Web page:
The green links below add additional plants to the comparison table. Blue links lead to other Web sites.
enable glossary links

darkthroat shooting star, few-flower shootingstar

Dodecatheon hendersonii

broad-leaf shooting star, Henderson's shooting star, mosquito bills, mosquito-bill

Habit Plants (2–)10–45(–60) cm; scape usually glabrous, sometimes glandular-pubescent or -puberulent. Plants (7–)10–50(–55) cm; scape glandular (at least distally) or glabrous.

not obvious at anthesis;

roots white;

bulblets absent.

not obvious at anthesis;

roots usually whitish;

bulblets present or absent.


(2–)4–25(–48) × 0.3–6(–8.5) cm;

petiole ± winged, sometimes wingless near base;

blade oblanceolate to spatulate or ovate to nearly oval, base decurrent onto stem, usually gradually tapering to petiole, margins usually entire, rarely slightly toothed, sometimes undulate, surfaces glabrous or glandular-pubescent.

0.5–14(–16) × (1–)1.5–6(–7) cm;

petiole slightly, if at all, winged;

blade usually oblanceolate to elliptic or spatulate, sometimes ovate to nearly rounded, base somewhat decurrent into stem, abruptly tapering to petiole, margins entire, surfaces glabrous.



bracts lanceolate, 2–15 mm, glabrous or glandular-pubescent or -puberulent.


bracts narrowly to broadly lanceolate, 3–10(–15) mm, usually glabrous, sometimes glandular.


(0.7–)1–5(–7) cm, glabrous or glandular-pubescent or -puberulent.

2–7 cm, glandular or glabrous.


calyx green, usually purple-flecked, 4–8 mm, glabrous or glandular-pubescent or -puberulent, tube 1.5–4 mm, lobes 5, 1–6 mm;

corolla tube maroon or yellow (fading to white) with reddish to magenta, thin, wavy ring, ring rarely absent, lobes 5, usually magenta to lavender, rarely white, (5–)7–20 mm;

filaments connate, tube yellow or maroon to dark purple or black, 0.7–3.6 × 1–3 mm;

anthers 3–8.5 mm;

pollen sacs dark maroon to black (at least apically) or yellow (at least apically), usually with some pink, reddish, or maroon speckles or lines dorsally, connective maroon to black or yellow, smooth or longitudinally wrinkled;

stigma not enlarged compared to style.

calyx green or greenish with reddish or purple speckles, 5–10 mm, glandular-puberulent or glabrous, tube 1.5–3 mm, lobes 4–5, 3–8 mm;

corolla tube yellow or whitish with reddish to reddish purple, thick, wavy ring, lobes 4–5 (often on same plant), usually magenta to lavender, sometimes white, 6–25(–28) mm;

filaments connate, tube dark maroon, 1–3.5 × 1–4 mm;

anthers 2.5–6 mm;

pollen sacs usually deep red to purple or maroon, sometimes yellow and often speckled with red or maroon, connective dark maroon to black, transversely rugose (infrequently seemingly longitudinally wrinkled);

stigma not enlarged compared to style.


tan to light brown, often reddish brown apically, sometimes speckled with red or maroon, valvate, cylindric-ovoid, 5–14(–20) × 3–5(–7) mm, glabrous or glandular-pubescent;

walls thin, pliable.

green or greenish, sometimes speckled purple or reddish, operculate or valvate, cylindric-ovoid, 7–17(–19) × 4–7(–9) mm, glabrous or glandular-puberulent;

walls thin, pliable.


without membrane along edges.

without membrane along edges.


= 44, 66, 88, 132.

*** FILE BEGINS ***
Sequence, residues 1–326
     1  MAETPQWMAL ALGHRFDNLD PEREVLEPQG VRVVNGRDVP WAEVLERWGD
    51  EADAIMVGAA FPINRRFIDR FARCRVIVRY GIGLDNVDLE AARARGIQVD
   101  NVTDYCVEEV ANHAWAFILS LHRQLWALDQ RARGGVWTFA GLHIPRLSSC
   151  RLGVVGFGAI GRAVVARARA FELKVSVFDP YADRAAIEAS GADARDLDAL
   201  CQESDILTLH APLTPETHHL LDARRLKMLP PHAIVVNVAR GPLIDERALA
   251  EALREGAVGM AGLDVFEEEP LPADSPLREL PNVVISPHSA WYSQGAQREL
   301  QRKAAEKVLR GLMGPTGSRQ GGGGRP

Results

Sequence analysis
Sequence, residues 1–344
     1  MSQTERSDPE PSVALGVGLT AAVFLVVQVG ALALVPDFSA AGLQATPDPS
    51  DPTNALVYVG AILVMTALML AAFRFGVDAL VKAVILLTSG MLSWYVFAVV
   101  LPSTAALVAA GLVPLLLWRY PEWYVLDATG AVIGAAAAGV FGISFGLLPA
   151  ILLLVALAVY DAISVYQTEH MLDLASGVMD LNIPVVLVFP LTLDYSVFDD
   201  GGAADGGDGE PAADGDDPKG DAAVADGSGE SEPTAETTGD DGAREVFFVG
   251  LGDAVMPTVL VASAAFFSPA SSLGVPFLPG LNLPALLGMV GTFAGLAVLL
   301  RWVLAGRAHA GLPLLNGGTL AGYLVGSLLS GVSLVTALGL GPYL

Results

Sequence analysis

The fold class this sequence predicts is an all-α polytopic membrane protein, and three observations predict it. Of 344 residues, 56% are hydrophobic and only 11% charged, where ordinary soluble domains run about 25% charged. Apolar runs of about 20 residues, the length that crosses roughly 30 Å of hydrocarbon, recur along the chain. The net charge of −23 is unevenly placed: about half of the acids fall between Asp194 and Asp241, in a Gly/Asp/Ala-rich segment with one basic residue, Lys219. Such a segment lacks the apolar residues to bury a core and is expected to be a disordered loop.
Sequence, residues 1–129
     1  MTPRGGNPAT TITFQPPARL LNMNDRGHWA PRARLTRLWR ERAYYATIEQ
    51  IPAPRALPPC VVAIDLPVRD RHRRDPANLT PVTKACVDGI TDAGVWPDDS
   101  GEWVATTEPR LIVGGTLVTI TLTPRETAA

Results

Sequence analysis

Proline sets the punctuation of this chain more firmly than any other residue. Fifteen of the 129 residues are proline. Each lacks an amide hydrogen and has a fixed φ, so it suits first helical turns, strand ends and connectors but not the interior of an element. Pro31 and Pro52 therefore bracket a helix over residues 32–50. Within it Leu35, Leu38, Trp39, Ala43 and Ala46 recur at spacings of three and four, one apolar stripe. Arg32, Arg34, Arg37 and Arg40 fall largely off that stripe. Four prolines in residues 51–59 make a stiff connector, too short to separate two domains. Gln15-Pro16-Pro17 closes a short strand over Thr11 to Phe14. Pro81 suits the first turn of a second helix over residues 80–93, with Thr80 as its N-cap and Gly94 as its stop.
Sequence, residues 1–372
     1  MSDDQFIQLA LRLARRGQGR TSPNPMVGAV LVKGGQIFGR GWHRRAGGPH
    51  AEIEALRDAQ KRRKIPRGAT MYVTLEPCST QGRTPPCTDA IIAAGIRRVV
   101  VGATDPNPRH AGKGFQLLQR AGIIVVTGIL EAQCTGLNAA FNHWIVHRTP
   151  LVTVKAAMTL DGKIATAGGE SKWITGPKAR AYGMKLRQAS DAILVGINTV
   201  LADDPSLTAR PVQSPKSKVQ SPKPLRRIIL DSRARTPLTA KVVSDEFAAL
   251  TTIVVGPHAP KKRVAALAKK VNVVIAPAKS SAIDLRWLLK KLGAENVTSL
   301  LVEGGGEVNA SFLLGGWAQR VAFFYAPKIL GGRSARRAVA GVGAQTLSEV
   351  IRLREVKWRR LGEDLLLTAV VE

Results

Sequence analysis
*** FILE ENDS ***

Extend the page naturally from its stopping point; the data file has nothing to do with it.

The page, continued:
Dodecatheon pulchellum

Dodecatheon hendersonii

Phenology Flowering winter–early summer.
Habitat Grasslands or meadow communities, or oak and conifer woodlands, often in shady places
Elevation 0-1900(-2100) m (0-6200(-6900) ft)
from FNA
AK; AZ; CA; CO; ID; MT; ND; NE; NM; NV; OR; SD; UT; WA; WY; AB; BC; MB; NT; SK; YT; nw Mexico
[WildflowerSearch map]
[BONAP county map]
from FNA
[WildflowerSearch map]
[BONAP county map]

Varieties 7 (7 in the flora).

The variation within Dodecatheon pulchellum is substantial and, for the most part, each of the entities recognized here seems distinct although nearly all break down in one or more features; most seem to have intergraded with other entities in the past. Variety pulchellum is the most widespread and remains, even as treated here, quite variable. The depauperate, often uniflorous, high-elevation form, var. watsonii, is included in var. pulchellum; there is no difference except in overall size even on the East Humboldt and Ruby mountains of northeastern Nevada, the type location of var. watsonii. Widely disjunct populations assigned to var. monanthum remain problematic. The plants of northwestern California and southwestern Oregon differ only slightly from those found elsewhere in Oregon, including the Blue Mountains, where the type of var. monanthum was obtained. The southern Utah expression, while similar morphologically, displays a biogeographic pattern that is unique. A better understanding of the variation between the western and eastern phases of var. monanthum is needed.

The coastal var. macrocarpum has consistent morphological differences and a higher ploidy level (2n = 88, 132) compared with the more inland var. pulchellum (2n = 44). Whether or not the ploidy level difference is consistent remains to be shown.

The arid forms of Dodecatheon pulchellum exhibit remarkable morphological differences that require recognition (J. L. Reveal 2005). Hanging garden plants in Utah are recognized as var. zionense, following N. H. Holmgren (2005). Some populations assigned to this variety may ultimately prove to be merely large-leaved plants of either var. pulchellum or the Utah phase of var. monanthum. Zion shootingstar may owe both its large leaves and its glandular-puberulent pedicels and calyces to hybridization with D. redolens sometime in its evolutionary past, even though the latter taxon is no longer close geographically. Variety shoshonense, usually growing in moist, alkaline meadows, is found mainly in the northern Mojave Desert and the Intermountain West. The color pattern associated with the stamens differs from most other varieties of the species, suggesting a fundamental change associated with pollination and likely a closer relationship to var. cusickii (which also has yellow pollen sacs) than to var. pulchellum.

This taxon inadvertently was named Dodecatheon puberulum (Nuttall) Nuttall three years before the establishment of Exinia pulchella. To avoid nomenclatural disruptions, the basionym D. meadia var. puberulum Nuttall has been proposed for rejection (J. L. Reveal and K. N. Gandhi 2008).